Each boat was fitted with a center-board, or sliding keel, which was drawn up, when not in use, into a case standing in the boat’s middle, very much in the way. But the American whalemen regard these clumsy contrivances as indispensable. The other furniture of a boat comprised of five oars of varying lengths from sixteen to nine feet, one great steering oar of nineteen feet, a mast and two sails of great area for so small a craft, spritsail shape; two tubs of whale-line containing together 1800 feet, a keg of drinking water, and another long narrow one with a few biscuits, a lantern, candles and matches therein; a bucket and “piggin” for bailing, a small spade, a flag or “wheft,” a shoulder bomb-gun and ammunition, two knives and two small axes. A rudder hung outside by the stern.
With all this gear, although snugly stowed, a boat looked so loaded that I could not help wondering how six men would be able to work in her; but like most “deep-water” sailors, I knew very little about boating. I was about to learn…
Excerpt from the book “The Cruise of the Cachalot” or Round the world after Spem Whales by Frank T. Bullen, first mate July 1897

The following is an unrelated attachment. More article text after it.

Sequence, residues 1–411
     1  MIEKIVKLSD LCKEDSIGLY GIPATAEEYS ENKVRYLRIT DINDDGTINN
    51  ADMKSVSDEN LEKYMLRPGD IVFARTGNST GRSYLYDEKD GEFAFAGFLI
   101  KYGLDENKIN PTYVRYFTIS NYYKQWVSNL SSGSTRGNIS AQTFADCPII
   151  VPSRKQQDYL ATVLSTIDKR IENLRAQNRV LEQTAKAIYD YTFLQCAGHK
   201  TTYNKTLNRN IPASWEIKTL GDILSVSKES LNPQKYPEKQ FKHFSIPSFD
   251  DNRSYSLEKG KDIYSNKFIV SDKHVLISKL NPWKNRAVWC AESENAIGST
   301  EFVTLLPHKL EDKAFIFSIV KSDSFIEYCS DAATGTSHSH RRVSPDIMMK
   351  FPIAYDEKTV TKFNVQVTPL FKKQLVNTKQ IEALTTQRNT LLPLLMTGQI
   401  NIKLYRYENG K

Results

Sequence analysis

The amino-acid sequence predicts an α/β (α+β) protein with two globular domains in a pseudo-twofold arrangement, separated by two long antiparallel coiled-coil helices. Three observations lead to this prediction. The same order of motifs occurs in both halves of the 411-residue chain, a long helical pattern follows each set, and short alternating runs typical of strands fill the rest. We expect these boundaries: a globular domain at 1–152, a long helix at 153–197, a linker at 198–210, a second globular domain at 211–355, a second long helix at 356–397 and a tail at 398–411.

Kit: Plank on frame construction.
Model Ship Ways. You’ll follow the original plank-on-frame method of construction in building your model. Hull planks, oar and paddle blades, tubs, casks, and rudder are accurately laser cut basswood. Authentic scale whaling gear gives this kit remarkable detail. Photo-etched copper fittings include harpoon, lance and cutting spade heads, knife blades, oarlocks, and mast hinge hardware. The kit is supported by a superb set (6 sheets) of plans and a 150-page instruction book by Erik A.R. Ronnberg, Jr. The book, To Build a Whaleboat, gives you step-by-step building instructions, design and technical data. (Display base and pedestals not included.)
Dimensions:Length:24″ Height:4-5/8″ Scale:1/16 Price: US$170.00on special US$114.95